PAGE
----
What is Java API and The Need for Java APIs?

Java application programming interfaces (APIs) are predefined software tools that easily enable interactivity between multiple applications.

What is Java?

Java is an object-oriented programming language that runs on almost all electronic devices and is the most common language used by web developers. Java is platform-independent because of Java virtual machines (JVMs). It follows the principle of "write once, run everywhere.” When a JVM is installed on the host operating system, it automatically adapts to the environment and executes the program’s functionalities. 

To install Java on a computer, the developer must download the JDK and set up the Java Runtime Environment (JRE). Java offers many benefits, which we will explore in detail.

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As previously noted, a Java  download consists of two files:

  • JDK
  • JRE

Installing Java is usually simple. To learn more, please see the Simplilearn article “One-Stop Solution for Java Installation in Windows.”

The JDK file is key to developing APIs in Java and consists of:

  • The compiler
  • The JVM
  • The Java API


A  Java compiler is a predefined program that converts the high-level, user-written code language to low-level, computer-understandable, byte-code language during the compile time.


A JVM  processes the byte-code from the compiler and provides an output in a user-readable format.

Java APIs

Java APIs are integrated pieces of software that come with JDKs. APIs in Java provides the interface between two different applications and establish communication.

We will learn more about Java APIs in the next section.

What Are Java APIs? 

APIs are important software components bundled with the JDK. APIs in Java include classes, interfaces, and user Interfaces. They enable developers to integrate various applications and websites and offer real-time information.

The following image depicts the fundamental components of the Java API.


Now that we know the basics of the Java API and its components, let’s explore who uses them.

Who Uses Java APIs?

Three types of developers use Java APIs based on their job or project:

  1. Internal developers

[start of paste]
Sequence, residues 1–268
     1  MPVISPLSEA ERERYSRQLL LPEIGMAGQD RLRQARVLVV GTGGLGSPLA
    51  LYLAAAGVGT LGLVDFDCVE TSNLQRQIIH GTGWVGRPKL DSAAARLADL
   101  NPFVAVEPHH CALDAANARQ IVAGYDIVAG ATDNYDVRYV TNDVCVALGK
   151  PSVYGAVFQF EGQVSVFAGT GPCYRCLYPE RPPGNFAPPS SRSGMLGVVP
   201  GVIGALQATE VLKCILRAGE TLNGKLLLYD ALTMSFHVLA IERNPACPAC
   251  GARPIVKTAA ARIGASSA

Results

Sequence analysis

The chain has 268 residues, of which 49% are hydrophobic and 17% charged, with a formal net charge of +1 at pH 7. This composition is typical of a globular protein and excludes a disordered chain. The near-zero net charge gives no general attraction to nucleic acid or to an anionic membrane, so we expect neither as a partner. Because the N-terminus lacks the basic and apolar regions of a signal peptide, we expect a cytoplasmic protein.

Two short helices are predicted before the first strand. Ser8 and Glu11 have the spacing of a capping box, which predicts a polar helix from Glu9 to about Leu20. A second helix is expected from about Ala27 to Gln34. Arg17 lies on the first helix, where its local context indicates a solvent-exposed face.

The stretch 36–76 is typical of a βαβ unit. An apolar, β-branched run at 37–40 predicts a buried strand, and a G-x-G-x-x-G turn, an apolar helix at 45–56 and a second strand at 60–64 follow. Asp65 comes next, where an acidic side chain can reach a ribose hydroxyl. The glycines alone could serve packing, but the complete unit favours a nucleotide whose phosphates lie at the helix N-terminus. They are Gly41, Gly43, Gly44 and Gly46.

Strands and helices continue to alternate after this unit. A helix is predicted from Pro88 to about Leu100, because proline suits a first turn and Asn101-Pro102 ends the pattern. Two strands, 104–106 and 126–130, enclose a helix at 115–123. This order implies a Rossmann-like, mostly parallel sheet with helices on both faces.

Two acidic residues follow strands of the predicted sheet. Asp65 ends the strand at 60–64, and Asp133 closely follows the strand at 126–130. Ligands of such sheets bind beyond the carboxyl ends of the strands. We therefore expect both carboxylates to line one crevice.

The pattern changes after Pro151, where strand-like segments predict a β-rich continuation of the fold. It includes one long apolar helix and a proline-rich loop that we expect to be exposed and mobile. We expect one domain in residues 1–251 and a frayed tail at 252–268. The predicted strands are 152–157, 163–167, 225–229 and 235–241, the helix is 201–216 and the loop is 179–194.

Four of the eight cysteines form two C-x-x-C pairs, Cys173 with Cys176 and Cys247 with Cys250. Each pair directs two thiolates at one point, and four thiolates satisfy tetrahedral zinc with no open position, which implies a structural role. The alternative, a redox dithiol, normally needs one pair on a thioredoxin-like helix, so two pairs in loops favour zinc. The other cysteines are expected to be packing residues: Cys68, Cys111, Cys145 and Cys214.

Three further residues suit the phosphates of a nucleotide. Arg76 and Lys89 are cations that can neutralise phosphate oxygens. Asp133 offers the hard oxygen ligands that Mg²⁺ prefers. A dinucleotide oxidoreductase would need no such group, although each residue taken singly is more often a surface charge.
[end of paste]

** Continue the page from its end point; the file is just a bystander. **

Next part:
2. Partner developers
  3. Open developers

Internal Developers

Internal developers use internal APIs for a specific organization. Internal APIs are accessible only by developers within one organization.

Applications that use internal APIs include:

  • B2B
  • B2C
  • A2A
  • B2E

Examples include Gmail, Google Cloud VM, and Instagram.

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Partner Developers

Organizations that establish communications develop and use partner APIs. These types of APIs are available to partner developers via API keys.

Applications that use partner APIs include:

  • B2B
  • B2C

Examples include Finextra and Microsoft (MS Open API Initiative),

Open Developers

Some leading companies provide access to their APIs to developers in the open-source format. These businesses provide access to APIs via a key so that the company can ensure that the API is not used illegally.

The application type that uses internal APIs is:

  • B2C

Examples include Twitter and Telnyx.

The next section explores the importance of Java APIs.

The Need for Java APIs

Java developers use APIs to:

Streamline Operating Procedures

Social media applications like Twitter, Facebook, LinkedIn, and Instagram provide users with multiple options on one screen. Java APIs make this functionality possible.

Improve Business Techniques

Introducing APIs to the public leads many companies to release private data to generate new ideas, fix existing bugs, and receive new ways to improve operations. The Twitter developer account is an example of an API that gives programmers private API keys to access Twitter data and develop applications. 

Create Powerful Applications

Online banking has changed the industry forever, and APIs offer customers the ability to manage their finances digitally with complete simplicity.

Below we discuss the various types of Java APIs.

Types of Java APIs

There are four types of APIs in Java:

  • Public
  • Private
  • Partner
  • Composite



Public (or open) APIs are Java APIs that come with the JDK. They do not have strict restrictions about how developers use them.


Private (or internal) APIs are developed by a specific organization and are accessible to only employees who work for that organization. 


Partner APIs are considered to be third-party APIs and are developed by organizations for strategic business operations.


Composite APIs are microservices, and developers build them by combining several service APIs. 

Now that we’ve covered the types of Java APIs, let’s discuss the categorization of Java APIs based on the services that different varieties of APIs in Java provide.

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Data and API Services